Merry Christmas!

20141224_212848I’ve been making this cheesecake for the last 20 years. So it’s the first thing I thought of for a Christmas dessert I wanted to bake. Problem is, how to get ingredients that are not Indian staples: cream cheese, sour cream, graham crackers. My cousin took me to a grocery store that stocks mostly imports from Europe and a few things from the U.S. where I bought cream cheese from Denmark. No sour cream or graham crackers in sight, so plain yogurt and Marie biscuits would have to substitute. I’ve never baked in India, and despite not having the usual ingredients, the cheesecake came out pretty yummy. Plus, I’ve never made a crust from scratch (I cheat with Keebler readymade). I made two cakes and they easily qualified for the most expensive cheesecake, since each 7oz pack of cream was about $9. So funny what comes at a premium in different parts of the world. I’m already looking up how to make homemade cream cheese because I would like to make this cake more often but not have to rely on the expensive import.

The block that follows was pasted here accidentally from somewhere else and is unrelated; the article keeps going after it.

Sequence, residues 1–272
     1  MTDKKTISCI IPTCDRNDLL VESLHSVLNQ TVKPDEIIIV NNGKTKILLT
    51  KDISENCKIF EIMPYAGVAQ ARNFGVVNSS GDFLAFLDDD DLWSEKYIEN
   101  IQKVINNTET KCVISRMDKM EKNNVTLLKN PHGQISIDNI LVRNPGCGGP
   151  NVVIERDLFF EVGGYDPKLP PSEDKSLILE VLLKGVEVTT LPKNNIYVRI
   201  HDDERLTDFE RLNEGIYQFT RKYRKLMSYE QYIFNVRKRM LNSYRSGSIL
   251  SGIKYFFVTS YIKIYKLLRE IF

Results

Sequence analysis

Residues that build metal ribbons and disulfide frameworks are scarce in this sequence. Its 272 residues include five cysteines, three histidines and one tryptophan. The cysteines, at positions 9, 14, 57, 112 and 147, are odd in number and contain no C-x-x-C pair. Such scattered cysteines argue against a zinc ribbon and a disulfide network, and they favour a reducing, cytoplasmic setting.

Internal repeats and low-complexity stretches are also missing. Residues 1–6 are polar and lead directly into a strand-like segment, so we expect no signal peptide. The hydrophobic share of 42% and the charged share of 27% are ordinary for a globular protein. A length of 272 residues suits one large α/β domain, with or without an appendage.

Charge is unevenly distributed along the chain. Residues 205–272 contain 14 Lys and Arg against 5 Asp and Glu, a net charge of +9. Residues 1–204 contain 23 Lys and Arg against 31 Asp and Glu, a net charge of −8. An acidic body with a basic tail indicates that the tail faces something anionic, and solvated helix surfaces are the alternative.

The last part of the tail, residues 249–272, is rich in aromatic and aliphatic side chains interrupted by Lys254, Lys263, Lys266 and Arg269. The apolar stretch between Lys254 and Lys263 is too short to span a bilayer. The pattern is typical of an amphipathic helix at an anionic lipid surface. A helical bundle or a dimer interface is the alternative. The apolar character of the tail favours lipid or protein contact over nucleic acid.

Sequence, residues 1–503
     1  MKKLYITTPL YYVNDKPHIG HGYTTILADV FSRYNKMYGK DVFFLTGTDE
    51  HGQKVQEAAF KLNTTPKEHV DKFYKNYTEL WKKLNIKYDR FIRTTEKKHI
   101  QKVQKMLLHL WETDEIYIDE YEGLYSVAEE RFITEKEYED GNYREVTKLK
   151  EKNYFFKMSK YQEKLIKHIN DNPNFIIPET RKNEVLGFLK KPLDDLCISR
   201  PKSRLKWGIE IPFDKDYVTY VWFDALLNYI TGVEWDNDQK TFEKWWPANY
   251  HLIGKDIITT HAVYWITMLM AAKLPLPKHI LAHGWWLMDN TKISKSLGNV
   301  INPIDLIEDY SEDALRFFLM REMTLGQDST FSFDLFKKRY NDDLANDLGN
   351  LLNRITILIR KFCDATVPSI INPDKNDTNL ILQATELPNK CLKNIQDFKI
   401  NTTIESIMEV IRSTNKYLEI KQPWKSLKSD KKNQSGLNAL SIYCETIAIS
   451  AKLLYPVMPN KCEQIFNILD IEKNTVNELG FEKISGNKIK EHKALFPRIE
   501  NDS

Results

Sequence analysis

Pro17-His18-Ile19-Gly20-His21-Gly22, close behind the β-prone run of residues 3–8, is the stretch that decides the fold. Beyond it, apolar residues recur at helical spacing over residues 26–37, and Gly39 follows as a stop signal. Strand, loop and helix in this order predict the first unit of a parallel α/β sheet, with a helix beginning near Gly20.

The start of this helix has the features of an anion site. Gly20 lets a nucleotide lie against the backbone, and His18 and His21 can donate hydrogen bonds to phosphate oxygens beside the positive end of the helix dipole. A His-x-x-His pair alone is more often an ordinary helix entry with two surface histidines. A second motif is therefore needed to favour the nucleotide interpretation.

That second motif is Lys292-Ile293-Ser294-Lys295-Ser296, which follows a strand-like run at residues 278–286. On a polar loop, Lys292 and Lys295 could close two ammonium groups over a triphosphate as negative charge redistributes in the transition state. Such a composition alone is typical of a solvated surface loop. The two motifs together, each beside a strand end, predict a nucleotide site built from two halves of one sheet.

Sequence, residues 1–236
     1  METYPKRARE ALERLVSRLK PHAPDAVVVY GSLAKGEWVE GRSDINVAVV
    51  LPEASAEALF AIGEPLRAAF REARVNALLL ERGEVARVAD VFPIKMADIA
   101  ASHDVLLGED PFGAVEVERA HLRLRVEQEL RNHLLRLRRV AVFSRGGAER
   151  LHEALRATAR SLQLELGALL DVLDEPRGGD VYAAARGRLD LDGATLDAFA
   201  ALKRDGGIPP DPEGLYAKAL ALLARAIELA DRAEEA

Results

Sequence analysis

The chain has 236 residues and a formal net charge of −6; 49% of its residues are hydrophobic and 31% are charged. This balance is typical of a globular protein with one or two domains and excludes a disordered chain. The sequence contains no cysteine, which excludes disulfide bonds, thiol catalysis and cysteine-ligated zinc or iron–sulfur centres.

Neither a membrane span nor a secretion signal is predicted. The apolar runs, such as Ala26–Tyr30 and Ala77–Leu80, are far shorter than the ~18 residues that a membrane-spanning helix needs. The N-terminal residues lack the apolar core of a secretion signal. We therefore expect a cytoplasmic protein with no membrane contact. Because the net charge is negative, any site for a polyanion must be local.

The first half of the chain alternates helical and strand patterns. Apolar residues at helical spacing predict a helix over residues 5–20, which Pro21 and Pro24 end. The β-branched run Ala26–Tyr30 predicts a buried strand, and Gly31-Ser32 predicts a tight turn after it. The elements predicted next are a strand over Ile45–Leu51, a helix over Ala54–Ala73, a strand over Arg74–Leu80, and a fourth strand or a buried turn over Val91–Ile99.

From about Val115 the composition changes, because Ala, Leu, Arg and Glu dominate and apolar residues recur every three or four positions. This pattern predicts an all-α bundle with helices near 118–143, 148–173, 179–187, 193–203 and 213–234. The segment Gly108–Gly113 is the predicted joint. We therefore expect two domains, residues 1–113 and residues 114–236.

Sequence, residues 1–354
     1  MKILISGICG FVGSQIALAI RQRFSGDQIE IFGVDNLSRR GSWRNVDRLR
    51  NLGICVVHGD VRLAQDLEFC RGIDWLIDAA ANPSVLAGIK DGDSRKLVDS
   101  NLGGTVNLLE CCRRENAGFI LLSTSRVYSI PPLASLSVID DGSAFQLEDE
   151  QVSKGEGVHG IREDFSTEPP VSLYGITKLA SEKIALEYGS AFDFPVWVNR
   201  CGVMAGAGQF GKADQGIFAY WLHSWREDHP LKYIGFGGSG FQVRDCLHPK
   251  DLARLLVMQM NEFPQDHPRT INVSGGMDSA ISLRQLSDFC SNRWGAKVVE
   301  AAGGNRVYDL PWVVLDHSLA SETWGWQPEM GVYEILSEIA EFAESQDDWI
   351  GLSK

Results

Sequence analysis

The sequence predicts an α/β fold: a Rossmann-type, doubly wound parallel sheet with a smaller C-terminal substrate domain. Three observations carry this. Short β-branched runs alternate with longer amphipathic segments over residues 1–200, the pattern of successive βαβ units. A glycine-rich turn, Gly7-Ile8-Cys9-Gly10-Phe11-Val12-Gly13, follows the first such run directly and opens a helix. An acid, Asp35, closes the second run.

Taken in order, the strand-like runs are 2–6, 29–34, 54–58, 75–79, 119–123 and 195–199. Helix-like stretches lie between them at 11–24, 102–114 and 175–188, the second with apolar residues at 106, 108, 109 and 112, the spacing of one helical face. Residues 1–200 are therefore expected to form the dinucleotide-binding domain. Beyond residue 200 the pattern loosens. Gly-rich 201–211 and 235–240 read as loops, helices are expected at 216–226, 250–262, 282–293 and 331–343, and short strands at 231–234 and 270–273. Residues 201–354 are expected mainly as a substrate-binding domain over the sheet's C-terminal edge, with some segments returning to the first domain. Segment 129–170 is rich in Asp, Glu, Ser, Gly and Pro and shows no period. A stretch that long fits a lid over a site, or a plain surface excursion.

One of the most amusing things about going to another country is the American fast food import. I think Taco Bell is the latest one to set up shop here. Here’s the menu from the Taco Bell in Koramangala in the south of Bangalore, which is chock full of really good restaurants. It’s strange how the lowest denominator food in the U.S. goes upscale elsewhere. It was clean, the decor was nicely done (California surfing theme) and there was a second level to sit down and enjoy your “Mexican” food. Whenever I crave a 7-layer in L.A., I always use the drive thru and make it as quick as possible. Speaking of 7-layer, it didn’t really taste the same at all. No lettuce, one of the layers was potato (huh?) and it had an added Indian spice. I think most fast food restaurants do that: add some of the local flavor so it has some familiarity. Anyway, going once to Taco Bell was enough to last me a few months, and that’s something all fast food has in common all over the world … it makes you think, “Why the heck did I just eat here?”